So…those are a few of the facts, some of which are a little surprising. But the most unexpected aspect of our conversation was not found in what Soloviev says about himself and his life, it was in what he says about the people he’s encountered while doing business in Kiowa County and eastern Kansas.

“I bought my first piece of property in 2007,” he begins. “It was a farm in Kansas, and I bought it at an auction. Not much later—I think it was that night--I got a phone call from the farmer who’d owned the property. He was really angry and wanted to know how long I was going to give him to get out.” At this point, Soloviev pauses, giving me the sense he’s deciding how much information he wants to share about a conversation that was, perhaps, one of the most private conversations 2 men can have. “Let me just say that the man is now one of the closest friends I have,” he says. “His wife is like a second mother to me, and, for me, that’s saying a lot.”

He reflects on the time when, years ago, he first started coming to the area. “I think people were a little…hesitant. Maybe a little afraid,” he says. “And I understand that. Of course, I do. I look different. I speak different. That makes anybody nervous. I knew it was going to take some time to let them get to know me. That’s all.”

And now? Again, he pauses before answering, but, when he does, it’s an answer he gives with conviction. “I’m blessed to know the people I know there,” he says. “Extremely blessed. They’re honest, hard-working, good people. I’m honored to consider them to be very good friends.”

These friendships are not necessarily formed from afar, either. As it turns out, Soloviev comes to Kiowa County about three days a month and has been doing so for years. But, as is revealed throughout the conversation, he has a veritable boatload of business investments, all of which keep him very busy. Consequently, it’s quite likely that, when he’s here for a few days, he’s cramming as much work into those days as possible.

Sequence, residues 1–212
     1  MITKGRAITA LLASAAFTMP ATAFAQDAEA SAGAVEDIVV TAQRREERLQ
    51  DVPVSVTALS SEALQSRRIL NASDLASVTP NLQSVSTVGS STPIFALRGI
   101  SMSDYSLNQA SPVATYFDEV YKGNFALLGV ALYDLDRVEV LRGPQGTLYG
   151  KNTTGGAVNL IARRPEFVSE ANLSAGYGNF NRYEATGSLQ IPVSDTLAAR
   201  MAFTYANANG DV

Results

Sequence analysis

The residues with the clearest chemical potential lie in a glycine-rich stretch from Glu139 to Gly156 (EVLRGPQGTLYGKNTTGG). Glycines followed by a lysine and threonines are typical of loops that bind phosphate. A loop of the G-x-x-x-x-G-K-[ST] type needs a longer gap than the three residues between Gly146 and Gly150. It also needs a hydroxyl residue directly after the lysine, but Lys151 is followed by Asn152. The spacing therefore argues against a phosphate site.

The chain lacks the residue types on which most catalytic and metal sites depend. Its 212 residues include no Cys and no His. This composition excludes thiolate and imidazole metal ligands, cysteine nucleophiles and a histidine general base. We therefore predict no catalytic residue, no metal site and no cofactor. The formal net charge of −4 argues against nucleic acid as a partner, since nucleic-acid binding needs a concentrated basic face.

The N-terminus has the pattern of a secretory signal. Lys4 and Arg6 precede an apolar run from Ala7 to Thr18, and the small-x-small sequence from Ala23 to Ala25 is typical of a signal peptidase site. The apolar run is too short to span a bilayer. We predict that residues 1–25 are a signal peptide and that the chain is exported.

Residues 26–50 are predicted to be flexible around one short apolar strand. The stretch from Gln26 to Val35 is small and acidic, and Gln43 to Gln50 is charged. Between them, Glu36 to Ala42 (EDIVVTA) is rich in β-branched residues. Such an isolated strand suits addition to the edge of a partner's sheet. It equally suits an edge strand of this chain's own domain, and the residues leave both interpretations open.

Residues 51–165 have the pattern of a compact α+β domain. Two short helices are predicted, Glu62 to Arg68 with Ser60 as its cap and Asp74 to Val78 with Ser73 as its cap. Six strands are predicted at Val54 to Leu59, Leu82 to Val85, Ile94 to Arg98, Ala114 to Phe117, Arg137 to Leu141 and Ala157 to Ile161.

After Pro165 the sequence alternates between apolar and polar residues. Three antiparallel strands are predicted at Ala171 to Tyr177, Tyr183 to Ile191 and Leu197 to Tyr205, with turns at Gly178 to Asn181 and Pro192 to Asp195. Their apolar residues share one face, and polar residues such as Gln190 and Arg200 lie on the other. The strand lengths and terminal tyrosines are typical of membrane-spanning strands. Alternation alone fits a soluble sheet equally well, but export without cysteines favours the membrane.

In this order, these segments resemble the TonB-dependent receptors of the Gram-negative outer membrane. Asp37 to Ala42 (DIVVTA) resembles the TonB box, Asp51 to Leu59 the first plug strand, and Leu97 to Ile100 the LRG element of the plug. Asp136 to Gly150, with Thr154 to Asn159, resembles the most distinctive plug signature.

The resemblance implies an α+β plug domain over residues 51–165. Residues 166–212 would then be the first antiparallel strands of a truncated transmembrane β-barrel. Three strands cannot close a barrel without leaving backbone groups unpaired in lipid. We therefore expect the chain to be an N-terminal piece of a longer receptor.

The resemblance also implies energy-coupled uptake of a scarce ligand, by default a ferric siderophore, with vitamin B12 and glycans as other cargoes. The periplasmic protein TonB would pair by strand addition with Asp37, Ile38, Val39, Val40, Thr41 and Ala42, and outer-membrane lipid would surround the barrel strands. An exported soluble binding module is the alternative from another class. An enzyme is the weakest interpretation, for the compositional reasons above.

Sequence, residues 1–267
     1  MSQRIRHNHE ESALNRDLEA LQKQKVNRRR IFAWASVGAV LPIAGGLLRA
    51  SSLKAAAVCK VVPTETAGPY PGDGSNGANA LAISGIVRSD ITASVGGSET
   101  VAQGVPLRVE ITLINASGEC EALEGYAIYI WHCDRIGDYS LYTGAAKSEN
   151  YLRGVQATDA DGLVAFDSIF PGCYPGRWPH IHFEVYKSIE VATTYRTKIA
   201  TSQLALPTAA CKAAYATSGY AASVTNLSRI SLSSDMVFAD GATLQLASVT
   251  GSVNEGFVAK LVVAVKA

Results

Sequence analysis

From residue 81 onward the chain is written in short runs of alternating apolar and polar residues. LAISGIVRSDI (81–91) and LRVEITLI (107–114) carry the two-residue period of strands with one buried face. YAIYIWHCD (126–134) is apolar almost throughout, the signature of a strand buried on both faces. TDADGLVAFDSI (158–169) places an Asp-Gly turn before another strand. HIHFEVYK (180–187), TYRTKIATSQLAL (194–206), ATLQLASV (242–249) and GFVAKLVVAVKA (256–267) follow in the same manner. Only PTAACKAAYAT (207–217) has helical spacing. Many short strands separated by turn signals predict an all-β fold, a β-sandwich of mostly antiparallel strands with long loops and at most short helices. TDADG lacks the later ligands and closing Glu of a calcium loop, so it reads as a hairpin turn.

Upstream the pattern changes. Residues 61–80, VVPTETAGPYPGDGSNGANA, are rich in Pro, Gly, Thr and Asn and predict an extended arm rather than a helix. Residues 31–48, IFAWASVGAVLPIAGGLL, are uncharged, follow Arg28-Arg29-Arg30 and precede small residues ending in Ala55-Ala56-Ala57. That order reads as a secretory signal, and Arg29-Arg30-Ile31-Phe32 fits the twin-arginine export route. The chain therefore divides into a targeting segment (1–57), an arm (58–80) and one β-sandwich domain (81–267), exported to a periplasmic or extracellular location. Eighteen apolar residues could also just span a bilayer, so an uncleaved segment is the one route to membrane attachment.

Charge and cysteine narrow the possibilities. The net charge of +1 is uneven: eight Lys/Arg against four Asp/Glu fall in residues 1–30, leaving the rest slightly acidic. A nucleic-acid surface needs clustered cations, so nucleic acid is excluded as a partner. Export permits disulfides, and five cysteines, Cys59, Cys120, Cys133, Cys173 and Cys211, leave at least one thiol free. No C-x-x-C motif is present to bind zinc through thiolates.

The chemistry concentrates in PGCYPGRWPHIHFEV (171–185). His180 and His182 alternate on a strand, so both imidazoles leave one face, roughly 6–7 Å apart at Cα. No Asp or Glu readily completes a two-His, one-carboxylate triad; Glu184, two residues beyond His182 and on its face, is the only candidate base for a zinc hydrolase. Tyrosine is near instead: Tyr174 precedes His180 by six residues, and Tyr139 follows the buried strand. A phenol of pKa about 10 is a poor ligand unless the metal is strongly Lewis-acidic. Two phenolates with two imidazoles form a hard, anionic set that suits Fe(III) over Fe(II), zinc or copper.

The more he speaks of Kiowa County, the more it becomes apparent that he feels a deep loyalty to the area. “People in Denver don’t even look at Eastern Colorado as part of the state,” he says. “For them, it’s all about the Front Range and the mountains. As far as they’re concerned, Eastern Colorado is just part of Kansas.” He goes on to add, “And I’m going to do everything I possibly can to change that. I don’t know how much of an impact I can have, but it’s my goal to put that part of the state back on the map again, which where it deserves to be.”

From the general description he gives of his investment, he’s committed a significant amount resources to making this area successful. He owns roughly 35,000 acres in Kiowa County, which makes him one of the largest landowners in the county. Evidence of that presence has begun to appear in the Crossroads Agriculture logo painted on silos in the east end.

When asked if there is any truth to the rumor that he’s working to develop a hybrid grain that is drought resistant, I can almost hear the smile in his voice. “Let’s just say I’m working with a seed company.”

When asked about his ongoing interest in the railroad, he will only say that negotiations are ongoing. “But,” he adds, “you can tell the people of Kiowa County that I’m hoping they will get some very good news around the end of the year. Some very good news that could really change how things are going.”

That led up to the question that needed to be asked.

What are his plans for the future? Is this an investment that he hopes to turnaround or is only dependent upon enough rain and good prices on the exchange?

There is absolutely no pause in his answer to that one. “If anybody asks,” he says, “you tell them that I’m not going anywhere.” And the definitiveness in his voice suggests he means every single word of what he says.